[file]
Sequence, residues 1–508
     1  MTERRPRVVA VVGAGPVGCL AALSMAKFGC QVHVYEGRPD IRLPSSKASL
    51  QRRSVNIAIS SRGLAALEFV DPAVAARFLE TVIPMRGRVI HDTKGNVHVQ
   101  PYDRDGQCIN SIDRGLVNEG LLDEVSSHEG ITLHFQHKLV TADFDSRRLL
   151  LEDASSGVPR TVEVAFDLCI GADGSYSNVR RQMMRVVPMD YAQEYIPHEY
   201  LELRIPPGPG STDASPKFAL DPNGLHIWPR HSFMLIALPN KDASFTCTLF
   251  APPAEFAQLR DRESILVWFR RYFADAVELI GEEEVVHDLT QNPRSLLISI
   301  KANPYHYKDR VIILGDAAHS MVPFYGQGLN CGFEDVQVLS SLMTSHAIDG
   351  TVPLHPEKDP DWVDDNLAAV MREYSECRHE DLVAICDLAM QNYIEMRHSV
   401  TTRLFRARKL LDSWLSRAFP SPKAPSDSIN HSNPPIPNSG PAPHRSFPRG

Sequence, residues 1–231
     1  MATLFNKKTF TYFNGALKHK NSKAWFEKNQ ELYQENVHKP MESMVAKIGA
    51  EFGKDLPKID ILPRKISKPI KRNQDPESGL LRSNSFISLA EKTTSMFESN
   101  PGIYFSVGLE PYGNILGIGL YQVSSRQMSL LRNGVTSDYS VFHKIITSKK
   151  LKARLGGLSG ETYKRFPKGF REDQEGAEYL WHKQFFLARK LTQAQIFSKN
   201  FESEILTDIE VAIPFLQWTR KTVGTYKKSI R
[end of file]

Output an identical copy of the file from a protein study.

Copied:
Sequence, residues 1–508
     1  MTERRPRVVA VVGAGPVGCL AALSMAKFGC QVHVYEGRPD IRLPSSKASL
    51  QRRSVNIAIS SRGLAALEFV DPAVAARFLE TVIPMRGRVI HDTKGNVHVQ
   101  PYDRDGQCIN SIDRGLVNEG LLDEVSSHEG ITLHFQHKLV TADFDSRRLL
   151  LEDASSGVPR TVEVAFDLCI GADGSYSNVR RQMMRVVPMD YAQEYIPHEY
   201  LELRIPPGPG STDASPKFAL DPNGLHIWPR HSFMLIALPN KDASFTCTLF
   251  APPAEFAQLR DRESILVWFR RYFADAVELI GEEEVVHDLT QNPRSLLISI
   301  KANPYHYKDR VIILGDAAHS MVPFYGQGLN CGFEDVQVLS SLMTSHAIDG
   351  TVPLHPEKDP DWVDDNLAAV MREYSECRHE DLVAICDLAM QNYIEMRHSV
   401  TTRLFRARKL LDSWLSRAFP SPKAPSDSIN HSNPPIPNSG PAPHRSFPRG

Sequence, residues 1–231
     1  MATLFNKKTF TYFNGALKHK NSKAWFEKNQ ELYQENVHKP MESMVAKIGA
    51  EFGKDLPKID ILPRKISKPI KRNQDPESGL LRSNSFISLA EKTTSMFESN
   101  PGIYFSVGLE PYGNILGIGL YQVSSRQMSL LRNGVTSDYS VFHKIITSKK
   151  LKARLGGLSG ETYKRFPKGF REDQEGAEYL WHKQFFLARK LTQAQIFSKN
   201  FESEILTDIE VAIPFLQWTR KTVGTYKKSI R